In a marked departure in the way assistant professors, who are on the lowest rung of the academic ladder, are hired and confirmed at all the 23 Indian Institutes of Technology, the IIT Council recently introduced the tenure track system.
New hiring process
Under this system, an assistant professor may be hired without the mandatory post-PhD experience requirement and her performance reviewed internally after three years. Based on an evaluation by an external committee at the end of 5.5 years, he or she may either be granted tenure (made permanent) and promoted to the next higher level of associate professor or asked to leave. In certain cases, based on the recommendation of the external committee, an extension of two years may be granted to the candidate before being assessed again.
At present, a fresh faculty member is placed on probation for a year before confirmation without being subjected to any kind of a critical evaluation. According to the Council, this leads to a situation wherein “a large number of faculty, despite having very good credentials, do not put in enough effort on research and teaching”. Over the years, the number of faculty whose performance is below par has risen to such an extent that “more than half” underperform. The tenure track system is being seen as a silver bullet to prevent further deterioration and to remove non-performers. “The tenure track combines academic freedom with responsibility and accountability,” Higher Education Secretary R. Subrahmanyam told the media.
If we look at the tenure track system in other countries, it is clear that the process doesn’t guarantee excellence or improve accountability at the institutional level. While the principal purpose of tenure in the U.S. is to provide permanency and safeguard academic freedom, using the same system to promote research and teaching excellence reflects a lack of application of mind. Flogging a small subset of young faculty to improve the metrics using the threat of tenure track while leaving the large majority of senior faculty unmonitored will do little to achieve the prime objective.
Keeping the young faculty on a tight leash can prove to be counterproductive. To begin with, the power asymmetry that already exists between new recruits and the older faculty will worsen. But tenure’s biggest disservice may be in the field of research. With the sword of Damocles hanging over their heads, young faculty may end up being more risk-averse and refrain from working in unchartered, cutting-edge research areas. The temptation to settle for safer, short-term, sure-shot solvable research problems or just extending their PhD or post-doc research is likely to become overpowering.
If the Ministry of Human Resource Development (MHRD) feels compelled to ape the West, it should be willing to go the whole hog and match the U.S. and other countries that have this system in terms of research facilities. Unlike in most U.S universities that have a tenure track system, it is extremely difficult for new appointees to hit the ground running as even basic infrastructure to carry out research is not in place at many of the newer IITs. There have been innumerable cases in the older IITs where even securing lab space can take as long as a year or more.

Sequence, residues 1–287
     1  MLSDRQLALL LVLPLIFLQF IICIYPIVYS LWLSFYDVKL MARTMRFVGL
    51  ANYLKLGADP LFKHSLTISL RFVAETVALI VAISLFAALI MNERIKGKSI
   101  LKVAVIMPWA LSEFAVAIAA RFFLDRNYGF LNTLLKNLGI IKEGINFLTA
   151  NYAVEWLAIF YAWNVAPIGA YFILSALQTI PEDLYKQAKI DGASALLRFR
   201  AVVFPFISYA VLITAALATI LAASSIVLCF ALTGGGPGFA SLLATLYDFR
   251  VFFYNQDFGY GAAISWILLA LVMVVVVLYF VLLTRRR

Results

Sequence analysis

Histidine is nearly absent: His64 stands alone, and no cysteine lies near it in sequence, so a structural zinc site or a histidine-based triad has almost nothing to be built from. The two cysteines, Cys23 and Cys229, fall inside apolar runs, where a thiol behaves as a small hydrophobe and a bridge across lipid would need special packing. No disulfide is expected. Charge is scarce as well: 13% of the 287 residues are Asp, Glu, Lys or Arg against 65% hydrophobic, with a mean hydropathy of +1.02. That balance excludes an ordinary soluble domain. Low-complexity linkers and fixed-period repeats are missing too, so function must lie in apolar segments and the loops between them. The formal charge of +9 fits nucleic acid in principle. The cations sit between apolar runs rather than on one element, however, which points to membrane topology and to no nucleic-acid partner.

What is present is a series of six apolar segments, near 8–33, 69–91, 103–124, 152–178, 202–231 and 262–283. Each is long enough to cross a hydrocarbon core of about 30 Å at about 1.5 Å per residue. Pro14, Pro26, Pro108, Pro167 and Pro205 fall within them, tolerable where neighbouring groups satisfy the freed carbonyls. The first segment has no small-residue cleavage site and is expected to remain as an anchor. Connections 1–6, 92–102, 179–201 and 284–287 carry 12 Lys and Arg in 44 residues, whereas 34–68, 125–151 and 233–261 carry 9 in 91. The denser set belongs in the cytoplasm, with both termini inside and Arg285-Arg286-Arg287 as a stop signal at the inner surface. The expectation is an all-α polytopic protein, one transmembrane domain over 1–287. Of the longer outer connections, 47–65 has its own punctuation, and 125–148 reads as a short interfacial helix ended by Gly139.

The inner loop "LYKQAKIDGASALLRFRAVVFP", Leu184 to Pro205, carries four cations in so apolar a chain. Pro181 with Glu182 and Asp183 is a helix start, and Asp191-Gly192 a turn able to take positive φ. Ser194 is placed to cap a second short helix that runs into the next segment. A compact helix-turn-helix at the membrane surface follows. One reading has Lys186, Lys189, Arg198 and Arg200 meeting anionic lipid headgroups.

While those working in theoretical areas might find it relatively easier to publish papers, experimentalists will be at a greater disadvantage as setting up labs will take longer. While even established IITs face difficulty finding good computer science faculty, finding computer science students willing to pursue the PhD programme will be even more challenging among the new recruits.
While the older IITs provide seed funding of about ₹20 lakh, the new IITs provide just a couple of lakhs of rupees. Researchers will necessarily have to turn to funding agencies for grants. With a significant reduction in the number of research proposals getting funded, new faculty will be forced to compete with well-established researchers for a piece of the pie. The delay in disbursal of funds by agencies is another problem.
The biggest area of concern is the upper age limit of 35 years for an assistant professor’s post, which is not the case in the U.S. Since assistant professors are in the early 30s when they secure a position, anyone who fails to secure tenure at the end of 5.5 years is almost out of the reckoning at any other academic institution.
With the MHRD planning to extend this system to Central universities and the draft National Education Policy recommending its introduction in all institutions by 2030, chances of securing a position at an alternative institution will be almost nil. Unlike in the U.S., industry jobs are not in plenty in India for those who fail to get tenured. The 5.5-year period to secure tenure is particularly disadvantageous to women researchers.
Will the introduction of the tenure track system at IITs make the task of securing fresh talent even more difficult? Professor V. Ramgopal Rao, Director of IIT Delhi, had said sometime ago that the institute had not been able to find “suitable candidates” to fill 300 faculty positions that have been lying vacant for the last 10 years. The introduction of the tenure track system without addressing the underlying problems researchers face is likely to make it even more challenging to find good talent. It is also unclear if the new IITs, which are just being built, will find themselves at a disadvantage in attracting talent. At this stage, one can only hope that the IIT Council has deliberated on these critical issues and not acted in haste or under duress.